Years ago while perusing Teobert Maler’s 1908 report on the ruins of Yaxha, Petén, Guatemala, I took extra notice of his photographic plate showing Stela 1 and 2 (see above). To me, Stela 1 looked like the top portion of a monument depicting an elaborate royal headdress. Stela 2, a taller stone similar in style, was missing much of its upper half. Naturally — and probably others have noticed this — it seemed a good possibility that these were one and the same monument. The two stones were found next to one another, and the relative scales of the two pieces as recorded by Maler would lend support to the idea (the photographs above were published at different scales).
Maler indicated that Stela 1 was erected into an ancient floor slightly behind Stela 2 — no doubt the reason behind their separate numeration. He did not see the imagery on Stela 1 as a headdress, nor was he of course aware that the ancient Maya often re-erected old monuments or parts of them, sometimes centuries after they were originally carved. Yaxha Stela 1 (as the reunited pieces should now be called) is likely to be an example of a monument broken in ancient times, with its pieces later re-set into the plaza floor, perhaps in the Terminal Classic or Post-Classic. It must be said that I have no direct knowledge of any physical archaeological evidence that would support or reject this notion, so it might be interesting to someday confirm on-site with a minor excavation.
Stela 1 was originally paired with Stela 4, each monument flanking the main stairway of structure on the east side of Plaza C, a so-called “E Group.”
Stela 1 is an Early Classic monument, late fourth-century in style. It shows a ruler standing and facting to the right, cradling a ceremonial bar in one arm and holding a deity head or glyph in his upraised hand. His elaborate headdress (assuming these are parts of the same monument) incorporates glyphic elements, no doubt for a personal name. Prominent among these is the head of the rain deity Chahk. A small text caption next to the headdress has three incised glyphs: U-BAAH / YAX-a / AJAW, for u baah Yaxha’ Ajaw, “(it is) the image of the Yaxha’ Lord.” In the basal register we find a larger hieroglyphic text that seems to specify a location for the portrait. These three glyphs read: YAX-TI’-K’UK’-HA’ / YAX-a / CHAN-CH’E'N, “(at) Yaxti’ K’uk’ha’, (in) Yaxha’, (in) the mundo (literally ‘sky-and-cave’).” The first of these, Yaxti’ K’uk’ha’, may name a ritual space within the large Yaxha site — perhaps, one might suppose, Plaza C itself.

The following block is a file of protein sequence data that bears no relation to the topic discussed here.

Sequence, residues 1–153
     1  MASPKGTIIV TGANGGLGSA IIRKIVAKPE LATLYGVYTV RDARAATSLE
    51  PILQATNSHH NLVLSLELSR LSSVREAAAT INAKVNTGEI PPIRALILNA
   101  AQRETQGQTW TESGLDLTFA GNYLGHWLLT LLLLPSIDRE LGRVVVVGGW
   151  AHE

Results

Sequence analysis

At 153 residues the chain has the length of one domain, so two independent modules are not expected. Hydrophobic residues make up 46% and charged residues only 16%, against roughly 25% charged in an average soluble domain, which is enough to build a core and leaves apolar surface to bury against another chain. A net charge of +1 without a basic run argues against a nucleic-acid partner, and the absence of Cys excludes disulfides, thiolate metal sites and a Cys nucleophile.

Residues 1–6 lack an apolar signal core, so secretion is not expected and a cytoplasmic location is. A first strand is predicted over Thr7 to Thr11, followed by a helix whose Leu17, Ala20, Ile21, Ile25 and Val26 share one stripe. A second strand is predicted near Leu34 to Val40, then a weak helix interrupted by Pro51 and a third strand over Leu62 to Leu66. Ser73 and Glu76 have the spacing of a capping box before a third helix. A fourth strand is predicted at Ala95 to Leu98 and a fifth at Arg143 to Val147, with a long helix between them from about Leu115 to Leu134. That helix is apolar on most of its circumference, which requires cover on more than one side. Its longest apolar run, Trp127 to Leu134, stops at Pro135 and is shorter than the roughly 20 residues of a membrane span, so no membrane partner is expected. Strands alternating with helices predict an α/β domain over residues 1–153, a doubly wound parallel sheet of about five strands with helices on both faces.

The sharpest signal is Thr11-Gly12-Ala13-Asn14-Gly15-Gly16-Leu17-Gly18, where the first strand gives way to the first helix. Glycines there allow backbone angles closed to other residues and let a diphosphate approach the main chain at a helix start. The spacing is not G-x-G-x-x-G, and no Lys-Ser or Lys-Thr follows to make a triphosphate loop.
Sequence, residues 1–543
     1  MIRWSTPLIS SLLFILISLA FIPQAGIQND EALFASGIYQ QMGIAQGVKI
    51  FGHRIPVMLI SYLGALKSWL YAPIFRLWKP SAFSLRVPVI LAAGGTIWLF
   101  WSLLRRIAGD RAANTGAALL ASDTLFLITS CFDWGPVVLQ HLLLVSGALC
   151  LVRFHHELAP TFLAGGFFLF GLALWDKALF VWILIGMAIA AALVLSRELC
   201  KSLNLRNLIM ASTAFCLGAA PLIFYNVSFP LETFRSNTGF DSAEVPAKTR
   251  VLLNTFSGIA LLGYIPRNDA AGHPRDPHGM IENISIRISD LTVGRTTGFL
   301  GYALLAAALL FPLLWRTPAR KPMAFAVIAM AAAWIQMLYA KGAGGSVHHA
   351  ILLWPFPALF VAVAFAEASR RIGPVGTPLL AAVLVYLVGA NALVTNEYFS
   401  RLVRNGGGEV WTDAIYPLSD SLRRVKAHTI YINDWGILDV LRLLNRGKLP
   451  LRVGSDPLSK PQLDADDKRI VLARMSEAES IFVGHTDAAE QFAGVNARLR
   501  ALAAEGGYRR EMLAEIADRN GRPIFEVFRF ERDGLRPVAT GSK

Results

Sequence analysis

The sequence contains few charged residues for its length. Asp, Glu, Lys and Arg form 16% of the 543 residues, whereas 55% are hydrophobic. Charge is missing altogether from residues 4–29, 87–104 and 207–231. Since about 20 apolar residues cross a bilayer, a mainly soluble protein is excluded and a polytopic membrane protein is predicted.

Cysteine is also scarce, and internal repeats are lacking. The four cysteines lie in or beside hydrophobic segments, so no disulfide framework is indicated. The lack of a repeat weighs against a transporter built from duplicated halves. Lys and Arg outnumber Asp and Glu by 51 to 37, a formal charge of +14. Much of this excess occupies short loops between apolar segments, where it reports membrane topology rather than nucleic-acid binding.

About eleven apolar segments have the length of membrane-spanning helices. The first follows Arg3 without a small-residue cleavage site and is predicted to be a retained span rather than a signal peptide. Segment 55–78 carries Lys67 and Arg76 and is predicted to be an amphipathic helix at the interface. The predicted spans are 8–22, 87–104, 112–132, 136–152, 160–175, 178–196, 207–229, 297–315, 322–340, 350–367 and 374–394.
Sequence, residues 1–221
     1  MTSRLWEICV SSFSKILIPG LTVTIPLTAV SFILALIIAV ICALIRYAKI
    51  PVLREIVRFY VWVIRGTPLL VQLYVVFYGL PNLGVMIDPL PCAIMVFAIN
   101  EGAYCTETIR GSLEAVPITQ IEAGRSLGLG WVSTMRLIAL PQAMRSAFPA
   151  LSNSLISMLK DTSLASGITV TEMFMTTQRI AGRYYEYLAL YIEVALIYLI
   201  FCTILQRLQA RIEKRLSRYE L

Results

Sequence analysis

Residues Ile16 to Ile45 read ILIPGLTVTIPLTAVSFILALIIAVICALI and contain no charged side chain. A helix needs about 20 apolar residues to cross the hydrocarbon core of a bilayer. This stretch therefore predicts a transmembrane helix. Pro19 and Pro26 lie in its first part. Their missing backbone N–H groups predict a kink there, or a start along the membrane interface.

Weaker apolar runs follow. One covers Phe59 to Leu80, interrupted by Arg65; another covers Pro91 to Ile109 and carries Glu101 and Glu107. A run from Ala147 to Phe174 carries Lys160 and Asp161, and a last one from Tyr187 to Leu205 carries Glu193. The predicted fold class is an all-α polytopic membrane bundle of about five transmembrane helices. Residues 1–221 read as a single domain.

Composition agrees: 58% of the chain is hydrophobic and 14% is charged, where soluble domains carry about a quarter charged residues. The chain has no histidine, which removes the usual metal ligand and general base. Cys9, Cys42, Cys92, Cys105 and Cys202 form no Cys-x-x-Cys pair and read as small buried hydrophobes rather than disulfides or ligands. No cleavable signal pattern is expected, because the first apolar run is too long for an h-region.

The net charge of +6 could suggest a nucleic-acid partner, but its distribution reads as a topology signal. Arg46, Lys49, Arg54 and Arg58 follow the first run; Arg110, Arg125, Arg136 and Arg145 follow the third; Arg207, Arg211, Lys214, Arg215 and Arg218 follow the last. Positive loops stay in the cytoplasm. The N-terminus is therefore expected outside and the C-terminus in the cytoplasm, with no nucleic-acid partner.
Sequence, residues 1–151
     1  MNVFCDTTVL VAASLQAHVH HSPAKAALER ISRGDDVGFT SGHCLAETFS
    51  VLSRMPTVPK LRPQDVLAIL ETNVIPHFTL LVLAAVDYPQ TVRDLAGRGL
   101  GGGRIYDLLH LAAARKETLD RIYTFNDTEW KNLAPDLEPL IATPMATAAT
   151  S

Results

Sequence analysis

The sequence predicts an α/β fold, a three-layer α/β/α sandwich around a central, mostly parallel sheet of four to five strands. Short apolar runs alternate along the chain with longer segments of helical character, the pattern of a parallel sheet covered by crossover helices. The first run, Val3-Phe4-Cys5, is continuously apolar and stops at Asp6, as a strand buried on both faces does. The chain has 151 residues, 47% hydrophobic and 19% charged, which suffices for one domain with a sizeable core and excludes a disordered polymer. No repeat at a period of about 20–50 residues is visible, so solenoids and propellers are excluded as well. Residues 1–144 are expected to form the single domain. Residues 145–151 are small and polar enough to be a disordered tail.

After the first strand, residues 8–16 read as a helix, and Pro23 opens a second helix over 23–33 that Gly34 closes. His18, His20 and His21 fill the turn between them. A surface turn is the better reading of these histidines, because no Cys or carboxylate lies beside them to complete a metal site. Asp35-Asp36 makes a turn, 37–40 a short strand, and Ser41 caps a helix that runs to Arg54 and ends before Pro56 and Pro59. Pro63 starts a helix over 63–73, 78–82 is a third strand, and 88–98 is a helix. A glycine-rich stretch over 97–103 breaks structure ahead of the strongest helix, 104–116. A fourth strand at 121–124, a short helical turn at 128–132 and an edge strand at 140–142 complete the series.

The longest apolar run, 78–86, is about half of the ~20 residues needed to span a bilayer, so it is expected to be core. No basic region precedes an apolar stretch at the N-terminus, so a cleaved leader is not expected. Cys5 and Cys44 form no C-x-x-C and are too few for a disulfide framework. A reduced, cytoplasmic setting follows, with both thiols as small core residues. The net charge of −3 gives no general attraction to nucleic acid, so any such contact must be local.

Maler, Teobert. 1908. Explorations in the Department of Peten, Guatemala, and Adjacent Regions: Topoxte, Yaxha, Benque Viejo, Naranjo. Memoirs of the Peabody Museum of American Archaeology and Ethnology, Vol. IV, No. 2. Peabody Museum, Cambridge.